The co-pilot and I arrived in smoggy Mexico City on Maundy Thursday afternoon (the day before Good Friday). We changed out of our uniforms and hopped on the subway, heading for downtown Mexico City. We emerged from the subway into a vast, boiling mass of people; it was like Disneyland at spring break. We stood on the edge of the Zócalo, the second largest public square in the world. Lined on one side by the National Palace, and on another by the Cathedral Metropolitana, it was an impressive sight. As we pushed our way through the throngs of people, I was beginning to realize that Holy Week in Mexico is a much different affair than it is in the U.S. We aimed for the twin Neo-Classical towers of the Cathedral.
Squeezing through the narrow entrance of the guarded gate, we entered the Cathedral during the middle of a church service. The place was carpeted wall-to-wall with people. We fought our way up one of the two lateral aisles towards the altar, trying not to get separated. As we went, I explained Maundy Thursday to my non-Christian flying partner. Maundy, derived from the Latin word for "mandate," refers to Christ’s command to His disciples at the Passover meal to love one another.
The Mass exuded high church. There were a number of white-clad people standing in front of the altar, a flood of candles, burning incense, a chanter, the people singing their responses, and the priest delivering his homily from a pulpit raised fifteen feet above the floor. My Spanish isn’t that good, so I had a hard time following along, but it was nonetheless an awe-inspiring spectacle. It was obvious, as we returned to the street, that there was going to be some kind of event later on. There were a number of policemen assembling to escort somebody somewhere.
The next morning, Good Friday arrived, warm and sunny. I was able to get in the three "R’s" before heading back to the airport – reading, writing, and running. Running in Mexico City is also a different affair. It’s at an elevation of 7,300' – I’m used to running at sea level, so I slowed my pace slightly. Dodging Mexican perros sleeping in the middle of the sidewalk and negotiating uneven sidewalks and huge curbs, I crossed Jose Stalin Street and Leon Trotsky Street.
While still headed outbound, I came across a procession. It had a surreal, carnival-like atmosphere. Vendors on the side streets sold grilled chicken and ice cream. There were loud "booms" from non-airborne fireworks. At the head of the procession was a man dressed as a robed Jesus, complete with a crown of thorns and blood streaming down his face. He was carrying a cross. Behind him was another man who would strike "Jesus" with a wet cloth. Behind them were other men, each carrying the heavy horizontal member of a cross on their shoulders. Each of them were also being struck on their bare backs by a wet cloth, hard. They sometimes flinched in pain. There was also a dilapidated van in the front that blared sad sounding music from a clunky old speaker when the narrator wasn’t speaking.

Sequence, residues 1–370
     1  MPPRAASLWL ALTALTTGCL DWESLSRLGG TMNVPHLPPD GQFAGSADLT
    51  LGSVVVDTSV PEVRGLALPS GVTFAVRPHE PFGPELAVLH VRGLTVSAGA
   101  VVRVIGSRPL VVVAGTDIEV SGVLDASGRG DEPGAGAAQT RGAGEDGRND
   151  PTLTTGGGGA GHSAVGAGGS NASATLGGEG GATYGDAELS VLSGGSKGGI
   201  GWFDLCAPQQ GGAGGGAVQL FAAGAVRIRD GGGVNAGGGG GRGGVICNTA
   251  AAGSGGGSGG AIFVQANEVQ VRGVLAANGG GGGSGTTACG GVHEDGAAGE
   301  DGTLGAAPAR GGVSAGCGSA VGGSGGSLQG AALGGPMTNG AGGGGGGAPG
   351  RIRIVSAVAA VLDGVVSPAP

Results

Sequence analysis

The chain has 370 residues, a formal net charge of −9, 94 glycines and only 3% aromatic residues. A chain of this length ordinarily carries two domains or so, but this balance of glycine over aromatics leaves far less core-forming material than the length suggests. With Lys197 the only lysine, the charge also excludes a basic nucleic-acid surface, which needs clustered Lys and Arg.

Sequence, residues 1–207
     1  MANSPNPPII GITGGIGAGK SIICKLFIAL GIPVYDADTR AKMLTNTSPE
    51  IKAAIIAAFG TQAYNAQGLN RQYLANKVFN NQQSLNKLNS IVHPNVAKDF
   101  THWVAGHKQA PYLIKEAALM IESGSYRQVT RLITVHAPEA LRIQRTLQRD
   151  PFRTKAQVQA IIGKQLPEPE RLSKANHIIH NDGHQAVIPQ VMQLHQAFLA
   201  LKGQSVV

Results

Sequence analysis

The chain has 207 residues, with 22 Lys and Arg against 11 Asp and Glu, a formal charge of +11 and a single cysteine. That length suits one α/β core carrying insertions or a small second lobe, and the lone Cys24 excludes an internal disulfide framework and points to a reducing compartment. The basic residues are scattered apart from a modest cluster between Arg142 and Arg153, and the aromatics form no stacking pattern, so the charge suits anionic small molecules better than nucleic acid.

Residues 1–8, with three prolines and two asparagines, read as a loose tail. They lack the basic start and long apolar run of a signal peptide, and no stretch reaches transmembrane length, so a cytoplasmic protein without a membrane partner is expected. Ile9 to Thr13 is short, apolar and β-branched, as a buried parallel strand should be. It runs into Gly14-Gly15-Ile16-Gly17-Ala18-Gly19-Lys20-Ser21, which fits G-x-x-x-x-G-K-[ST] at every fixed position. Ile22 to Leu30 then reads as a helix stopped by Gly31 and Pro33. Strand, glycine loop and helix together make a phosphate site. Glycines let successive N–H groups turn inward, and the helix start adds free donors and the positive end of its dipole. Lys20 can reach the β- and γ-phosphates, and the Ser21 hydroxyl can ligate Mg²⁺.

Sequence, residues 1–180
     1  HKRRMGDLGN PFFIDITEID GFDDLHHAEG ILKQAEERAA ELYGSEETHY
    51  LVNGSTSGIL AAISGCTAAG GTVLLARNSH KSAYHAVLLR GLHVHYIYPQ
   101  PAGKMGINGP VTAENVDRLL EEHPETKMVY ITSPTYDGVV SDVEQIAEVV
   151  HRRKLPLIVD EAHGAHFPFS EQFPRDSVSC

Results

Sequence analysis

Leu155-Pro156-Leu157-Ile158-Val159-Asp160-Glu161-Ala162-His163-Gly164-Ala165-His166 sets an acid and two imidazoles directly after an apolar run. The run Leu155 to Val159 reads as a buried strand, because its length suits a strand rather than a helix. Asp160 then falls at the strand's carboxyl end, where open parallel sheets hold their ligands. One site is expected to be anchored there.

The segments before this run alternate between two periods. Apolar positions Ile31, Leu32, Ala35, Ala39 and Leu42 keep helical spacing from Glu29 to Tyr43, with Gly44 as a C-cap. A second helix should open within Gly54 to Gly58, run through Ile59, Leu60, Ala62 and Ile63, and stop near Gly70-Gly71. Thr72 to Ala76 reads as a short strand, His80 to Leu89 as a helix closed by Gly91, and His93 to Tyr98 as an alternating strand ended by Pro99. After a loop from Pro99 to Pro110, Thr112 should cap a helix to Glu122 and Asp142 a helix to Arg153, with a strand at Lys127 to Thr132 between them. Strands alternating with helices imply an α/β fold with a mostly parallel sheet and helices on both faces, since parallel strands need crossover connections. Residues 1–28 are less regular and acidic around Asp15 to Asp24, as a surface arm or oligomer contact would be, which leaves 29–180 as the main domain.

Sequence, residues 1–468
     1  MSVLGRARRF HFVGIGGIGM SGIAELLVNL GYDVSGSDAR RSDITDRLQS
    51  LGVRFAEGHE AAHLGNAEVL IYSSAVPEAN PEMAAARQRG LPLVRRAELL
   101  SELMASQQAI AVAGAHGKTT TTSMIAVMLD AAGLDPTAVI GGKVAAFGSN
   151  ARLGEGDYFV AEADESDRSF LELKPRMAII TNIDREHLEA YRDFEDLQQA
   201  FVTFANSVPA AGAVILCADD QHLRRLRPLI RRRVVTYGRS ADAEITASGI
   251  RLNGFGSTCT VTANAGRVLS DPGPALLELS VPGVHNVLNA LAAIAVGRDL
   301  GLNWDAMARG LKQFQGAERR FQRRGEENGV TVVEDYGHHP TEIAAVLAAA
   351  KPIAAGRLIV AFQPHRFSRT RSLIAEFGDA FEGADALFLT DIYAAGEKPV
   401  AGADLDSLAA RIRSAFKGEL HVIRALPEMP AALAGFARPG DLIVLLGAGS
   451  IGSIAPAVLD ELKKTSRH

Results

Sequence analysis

Onlookers jostled for position, some keeping pace as the procession moved forward. I’m sure there were in the crowd those whose mood was one of piety, some one of pietism, and still others who were there strictly for entertainment value. My mood was one of sorrow. I pondered the agony and humiliation that Jesus endured as He was crushed by the weight of the cross, dragging the instrument of His death through the streets, all the while being insulted and beaten. I also couldn’t help but feel sorrow for some of the spectators. How many people were there who believed they would be saved by their own works? How many people were there whose mediator was Mary rather than Jesus?
On this Good Friday, as I run through the streets I also feel the crushing weight of my own sin. I feel the crushing weight of the Law. But even though it is Good Friday, I know that Easter Sunday is just around the corner. I stand at the foot of the cross, knowing that I will also stand at the entrance of the empty tomb. I know that my Savior carried the cross that I should have carried. He lifted the weight of sin off my shoulders and carried it to Golgatha, triumphing over the curse of the Law. This is the life of a Christian. Not one of continuous searching for ways to appease or please God, or one of rededicating your life to Jesus or taking your spiritual life to the "next level," but one of focusing on the cross. Like the sure foot-strikes of a runner’s feet on pavement, a Christian’s life is a rhythm of sorrow, repentance, forgiveness, joy, and love for his neighbor because of what Jesus has done for him. It is not I who live, but Christ who lives in me.
As we flew back to the States, I finished what I had started on Maundy Thursday. I described to my flying partner what Good Friday was all about. I didn’t share the Gospel with him, only the Law. From our previous conversations, I knew he was a secure sinner – one who was unrepentant and didn’t know the seriousness of his sin. Until he recognizes the depth of his depravity through the work of the Holy Spirit, he will never recognize his need for a Savior. I pray that one day soon, after he too has felt the crushing weight of the Law, that some other Christian will share with him the sweet message of the Gospel.
As Good Friday draws to a close, I rest comfortably in the arms of my Savior, trusting in God’s promises. "Surely he took up our infirmities and carried our sorrows, yet we considered him stricken by God, smitten by him, and afflicted. But he was pierced for our transgressions, he was crushed for our iniquities; the punishment that brought us peace was upon him, and by his wounds we are healed" (Isaiah 53:4-5).
It was, and is, a good Good Friday.
Written by Scott Diekmann